Commentary: ‘Eco’ Locomotives are good for Georgia

Original Story on WABE by Maria Saporta

Norfolk Southern's new ''Eco'' locomotive is up to 25 percent more efficient than the train engines currently on our rails. Credit Norfolk Southern Corporation, nscorp.com

Norfolk Southern’s new ”Eco” locomotive is up to 25 percent more efficient than the train engines currently on our rails.
Credit Norfolk Southern Corporation, nscorp.com

Norfolk Southern unveiled its new “Eco” locomotive on Sept. 1 at Atlanta’s Inman Yard.

The new locomotive is up to 25 percent more efficient than the train engines currently rolling on our rails, making them even more environment-friendly.

It’s a no-brainer.

The more freight that travels on railroads rather than trucks and highways, the better off we will be.

That statement has never been truer than with the unveiling of the new “Eco” locomotive. Traditional trains carry one ton of freight 450 miles on one gallon of fuel — at least four times more efficient than trucks.

With the Eco locomotive, trains become at least five times more fuel efficient than trucks. That means cleaner air and less dependence on fossil fuels.

That’s not all.

The number of injuries and fatalities are far fewer on our rail corridors than on our highways.

With these benefits, it makes all the sense in the world to have a public and private partnership to move more freight by rail, rather than trucks.

Norfolk Southern is covering one-third of the cost of the 10 new locomotives, while the federal government is covering the remaining $38 million.

Imagine the benefits we could reap if we would take a similar approach in improving our rail infrastructure. Let’s forge a partnership between our government and the railroads to remove at-grade crossings, to improve the tracks so trains can reach higher speeds and provide more double tracks for more efficient movement of time-sensitive freight.

As part of that partnership — to make trains more competitive — railroads should allow passenger trains to operate on their tracks.

The more people we get off the roads, the less congestion and accidents we will have, the more fuel we will save and the cleaner our air will be.

I am a hopeless romantic when it comes to trains.

But seeing the new Norfolk Southern Eco locomotives, I know my heart is not lost in a nostalgic past.

Instead, it is fully grounded in an optimistic future.

Everyone wins when we move more freight — and more people — onto trains.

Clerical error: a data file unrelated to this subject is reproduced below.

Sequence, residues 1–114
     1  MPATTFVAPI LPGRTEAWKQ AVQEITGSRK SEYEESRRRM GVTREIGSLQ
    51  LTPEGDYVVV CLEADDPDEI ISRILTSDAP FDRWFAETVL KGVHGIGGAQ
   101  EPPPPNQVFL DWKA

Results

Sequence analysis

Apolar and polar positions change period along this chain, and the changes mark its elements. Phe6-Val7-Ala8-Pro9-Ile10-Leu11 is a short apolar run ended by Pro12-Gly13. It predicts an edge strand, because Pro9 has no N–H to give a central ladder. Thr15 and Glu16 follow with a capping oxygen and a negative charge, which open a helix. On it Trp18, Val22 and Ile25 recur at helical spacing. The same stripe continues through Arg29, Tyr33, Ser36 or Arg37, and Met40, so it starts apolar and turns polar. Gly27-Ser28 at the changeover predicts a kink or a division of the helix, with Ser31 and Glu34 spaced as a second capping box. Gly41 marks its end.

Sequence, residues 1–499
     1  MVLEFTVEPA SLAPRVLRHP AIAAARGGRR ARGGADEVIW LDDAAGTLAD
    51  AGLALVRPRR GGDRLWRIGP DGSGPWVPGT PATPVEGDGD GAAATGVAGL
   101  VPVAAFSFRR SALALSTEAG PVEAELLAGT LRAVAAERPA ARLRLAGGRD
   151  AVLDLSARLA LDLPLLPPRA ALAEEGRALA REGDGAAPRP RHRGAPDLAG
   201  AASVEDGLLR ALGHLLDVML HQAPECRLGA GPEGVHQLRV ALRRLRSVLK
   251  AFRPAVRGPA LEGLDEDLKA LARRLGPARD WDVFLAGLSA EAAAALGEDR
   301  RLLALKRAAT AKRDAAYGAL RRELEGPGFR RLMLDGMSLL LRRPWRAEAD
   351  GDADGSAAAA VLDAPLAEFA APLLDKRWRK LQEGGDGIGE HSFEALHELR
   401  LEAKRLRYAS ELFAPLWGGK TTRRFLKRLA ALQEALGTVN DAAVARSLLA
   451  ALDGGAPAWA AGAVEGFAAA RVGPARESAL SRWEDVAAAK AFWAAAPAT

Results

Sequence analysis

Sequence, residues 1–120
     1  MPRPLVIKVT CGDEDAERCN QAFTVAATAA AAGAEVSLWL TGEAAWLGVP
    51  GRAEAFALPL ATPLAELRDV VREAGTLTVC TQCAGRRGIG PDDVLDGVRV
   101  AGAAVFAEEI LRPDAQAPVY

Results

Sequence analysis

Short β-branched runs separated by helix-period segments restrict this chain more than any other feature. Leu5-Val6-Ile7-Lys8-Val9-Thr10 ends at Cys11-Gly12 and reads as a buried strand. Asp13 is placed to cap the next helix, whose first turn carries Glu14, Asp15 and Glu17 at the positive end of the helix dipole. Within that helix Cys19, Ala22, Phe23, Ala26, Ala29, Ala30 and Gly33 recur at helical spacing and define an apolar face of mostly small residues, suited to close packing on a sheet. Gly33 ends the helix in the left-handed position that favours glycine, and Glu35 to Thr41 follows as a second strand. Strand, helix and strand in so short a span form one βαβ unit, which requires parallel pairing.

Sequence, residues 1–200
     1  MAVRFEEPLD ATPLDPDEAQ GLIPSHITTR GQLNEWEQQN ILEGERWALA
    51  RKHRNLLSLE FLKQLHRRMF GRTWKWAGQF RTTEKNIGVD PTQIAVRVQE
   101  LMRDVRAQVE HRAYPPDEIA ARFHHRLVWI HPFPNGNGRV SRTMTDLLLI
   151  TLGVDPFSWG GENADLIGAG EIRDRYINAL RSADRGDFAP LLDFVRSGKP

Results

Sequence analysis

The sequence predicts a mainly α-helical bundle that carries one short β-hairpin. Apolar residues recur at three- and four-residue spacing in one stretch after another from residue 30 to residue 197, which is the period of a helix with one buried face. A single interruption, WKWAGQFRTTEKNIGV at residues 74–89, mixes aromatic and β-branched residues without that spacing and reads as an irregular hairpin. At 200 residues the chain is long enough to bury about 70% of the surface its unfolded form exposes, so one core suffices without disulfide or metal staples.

1 reply
  1. writes_of_weigh says:

    Maria, Romanticism is not dead, but attempting to link eight  or ten “eco” locomotives to a rebirth of railroads is wee bit optimistic given that under suspected collusion with it’s K street lobbyists'(whom the FBI is “watching” in the matter for other substantial reasons)the U.S. railroads have “thrown in the towel” on their ability to legally operate the nations freight, commuter and (in large part) inter-city passenger rail system. You may recall that I have previously written in response to various topics which arise on this blog, about railroad safety issues and the looming December 31, 2015 implementation of Positive Train Control across most of the nations’ mainlines. This, make no mistake, is a legal deadline brought about, in no small measure, because of numerous derailments, collisions, and unsafe operating conditions, which without adequate and substantial Federal rail safety oversight, has cost far too much in lives lost, equipment lost, and Gross Domestic Product trashed. The railroads have had, by some estimates (N.T.S.B., etc…), nearly five decades to plan for and implement this life saving technology, but, have found it more compelling to entertain investors and analysts at place like Sun Valley, ID, Augusta (the Masters), GA, Winter Park, CO., Palatka, FL, Essex, MT and Brosnan Forest, SC, and numerous other entertainment venues the railroads choose to maintain as opposed to maintaining their tracks, equipment, and safety systems. About two weeks ago, curiously nearly all of the nations major railroads issued press releases, nearly simultaneously, decrying their “short time frame” to fully install and equip their operating properties with the legally mandated P.T.C. technology, and instead “cry wolf” about the costs of so doing, and instead resort to “blackmailing” our elected representatives, who we charge with enforcing mandates found in the places like the Federal Code, which if enforced, could potentially make our lives much safer, and provide for better GDP return. “Eco” locomotives will still be nice, though, even if they are being operated by our military transportation corps, or by “designated operators” under the auspices of a “new” U.S. Railway Administration.Report

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